They’ve had a little more time to prepare, this time. While chefs who quickly devised at-home services in spring were at the vanguard of a new way of serving and delivering food, this time it’s different.
They witnessed the success of those who did it well during April and May, while also learning from the failings of those who fared badly – don’t send BBQ’ed lettuce through the post, was probably the lesson for one Midlands chef of that episode.
Now then, as we find ourselves in a different sort of lockdown, the infrastructure is in place. The logistics have been tried and tested. Chefs who are smart, hard-working and determined to survive are already rolling out exceptional at-home dinners for consumers to enjoy.
Price points have been tested, packaging resolved, delivery services procured and diners can make the most of eating their favourite chef’s food from the comfort of their own home.
There’s more to at-home eating than that, however. While there are those of us who continue to eat out, safely, by observing restrictions, and while we see that as an act of solidarity and support for a wide range of businesses who will struggle through the coming three- to six-months. Buying food keeps people in jobs. Those who can afford to should continue to do it.
There are plenty of people, however, particularly the elderly, who might not wish to expose themselves to any form of risk. That is their prerogative. People from mixed households might not get the chance to socialise, couples might miss out on date nights and those with underlying health conditions simply shouldn’t make the journey out.
Everything that we do through this pandemic involves an element of risk; a nicely caramelised crème brulee isn’t a price worth paying for those who are ill.
Aktar Islam may well be the most exciting chef in the West Midlands, right now. He’s recently joined the Michelin Club in Birmingham, elevating his stunning, debut restaurant, Opheem, to the same ranks of Carter’s, Simpson’s, Purnell’s and Adam’s.
It’s no less than he deserves. There are those who’d considered him the first among equals in that brigade. His food is exotic and intoxicating. He takes humble ingredients and transforms them into masterworks. A man capable of transmuting base metal to gold, Aktar has rare skills. He’s also one of the most industrious, risk-taking and entrepreneurial restaurateurs in the region.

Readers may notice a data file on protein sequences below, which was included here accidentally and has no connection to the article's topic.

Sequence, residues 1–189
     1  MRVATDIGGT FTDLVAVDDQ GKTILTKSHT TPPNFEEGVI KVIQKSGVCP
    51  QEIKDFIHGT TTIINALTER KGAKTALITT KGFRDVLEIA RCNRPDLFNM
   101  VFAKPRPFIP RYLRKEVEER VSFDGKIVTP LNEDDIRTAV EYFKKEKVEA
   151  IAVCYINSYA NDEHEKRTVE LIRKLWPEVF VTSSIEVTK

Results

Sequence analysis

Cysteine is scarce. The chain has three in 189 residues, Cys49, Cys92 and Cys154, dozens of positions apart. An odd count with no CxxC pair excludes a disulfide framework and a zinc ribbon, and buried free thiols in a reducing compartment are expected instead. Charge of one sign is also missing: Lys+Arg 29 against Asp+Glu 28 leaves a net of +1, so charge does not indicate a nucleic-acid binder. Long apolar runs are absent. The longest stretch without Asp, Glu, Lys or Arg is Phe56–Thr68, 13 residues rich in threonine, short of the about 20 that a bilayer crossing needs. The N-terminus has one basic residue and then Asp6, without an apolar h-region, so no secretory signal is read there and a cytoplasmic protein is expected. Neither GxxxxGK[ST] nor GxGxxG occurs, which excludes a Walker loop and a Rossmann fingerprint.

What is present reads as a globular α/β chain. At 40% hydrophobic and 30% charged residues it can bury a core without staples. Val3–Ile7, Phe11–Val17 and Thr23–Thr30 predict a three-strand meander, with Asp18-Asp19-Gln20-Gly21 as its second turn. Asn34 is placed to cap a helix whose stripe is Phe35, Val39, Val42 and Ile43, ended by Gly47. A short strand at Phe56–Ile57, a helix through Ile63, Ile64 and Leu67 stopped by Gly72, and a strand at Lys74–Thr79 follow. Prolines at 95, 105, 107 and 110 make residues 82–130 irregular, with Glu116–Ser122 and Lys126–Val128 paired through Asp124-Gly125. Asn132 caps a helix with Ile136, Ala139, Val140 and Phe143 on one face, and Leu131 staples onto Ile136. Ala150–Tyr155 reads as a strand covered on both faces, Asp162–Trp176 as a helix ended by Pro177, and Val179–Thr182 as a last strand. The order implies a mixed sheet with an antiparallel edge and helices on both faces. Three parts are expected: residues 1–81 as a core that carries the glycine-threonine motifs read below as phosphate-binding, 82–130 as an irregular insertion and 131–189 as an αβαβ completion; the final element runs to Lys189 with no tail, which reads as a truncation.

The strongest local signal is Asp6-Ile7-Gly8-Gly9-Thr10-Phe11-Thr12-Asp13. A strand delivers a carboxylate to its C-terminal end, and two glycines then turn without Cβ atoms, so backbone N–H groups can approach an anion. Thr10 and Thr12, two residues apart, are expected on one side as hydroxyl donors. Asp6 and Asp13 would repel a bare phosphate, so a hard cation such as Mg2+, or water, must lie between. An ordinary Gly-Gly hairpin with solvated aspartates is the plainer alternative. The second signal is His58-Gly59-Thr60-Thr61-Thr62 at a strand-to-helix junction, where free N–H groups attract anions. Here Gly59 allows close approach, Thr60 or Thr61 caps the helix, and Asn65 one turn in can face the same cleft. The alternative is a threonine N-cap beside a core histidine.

The launch of Opheem was not sufficient to satisfy him and he quickly went on to launch a stunning Italian restaurant, Legna, while also opening a brilliant Argentinian outlet and more. All have been at the highest level – his Italian was the best outside London, while it was trading – and he habitually sources exceptional produce, provides decent value for money and packs more flavour into his dishes than many others could conjure. A rare and brilliant craftsman, Aktar Islam’s food is exciting, high class and worth eating.
It’s no surprise that he’s moved quickly into the at-home market. He ran a delivery service from his Argentinian restaurant in spring – to my mind, it was the best one from a host of impressive contenders in our region – and since then he’s refined his offering based on a box of traditional curries.
Each week, Aktar creates a new menu of 10 curries which are lovingly boxed with rotis and naans and dispatched for £60 – yes, that’s £6 per dish, delivered UK wide. Ridiculous, isn’t it? His curries are comfortably the best in their class for the UK and are much loved by some of the nation’s most renowned chefs. His curries are from all parts of India and new menus are published each week. The box makes a very generous banquet for four or six, or serves a whole meal of dinners for one or two. I guess it depends how greedy you are.
As we head into a challenging autumn, his offer is simple. Great food from a Michelin-starred chef with authentic dishes at a price point lower than your local curry house. You don’t have to leave your home, you can stay as safe as houses – though you do have to do the washing up, afterwards. Brilliant.
My partner and I ordered a box and were thrilled. Truly, there was nothing not to enjoy. Well packaged, promptly delivered, with brilliant customer service and a bargain price, it made for happy eating that was kind on the wallet. While some at Aktar’s level have over-priced their offerings – more of which in coming weeks – he’s kept his feet on the ground and kept it simple while keeping it classy.
Our box contained pakora and samosa in addition to curries, and both were quickly heated and eaten. The pakora sizzled after 10 minutes in the oven while the samosas were light and crispy after being popped into hot oil and deep fried. The curries ran the gamut of flavours and Indian regions. A Lucknowi murgh korma was rich and featured tender chicken alongside roasted onion and clove masala. Finished with green cardamom and rose, it was aromatic and thrilling.
A mutton rarha was a North Indian favourite featuring tender cubes of mutton stewed with minced mutton and spiced with Kashmiri chilli and cracked coriander.
A dalcha gosht was a Hyderabadi-style beef dish stewed with chana dhal and a spiced stock, smoked with black cardamom. Delicious.
A kokum fish curry was the star of the show. The South Indian dish came in two parts, with two cod fillets in one bag and a kusum-soured sauce in the other. A Lahsuni dhal was a classic Bengali style red lentil curry with tomato tempered with garlic and black mustard seeds. Warming and with bags of flavour, it was another stand out dish.
Restaurants are having the hardest time of it at the moment. There are a small number, however, who are stepping up to the plate to rise above the chaos of Covid. Aktar Islam is first among those. It’s a privilege to recommend him to you.
Aktar Islam at Home
UK-wide delivery service every Thursday and Friday, based in Birmingham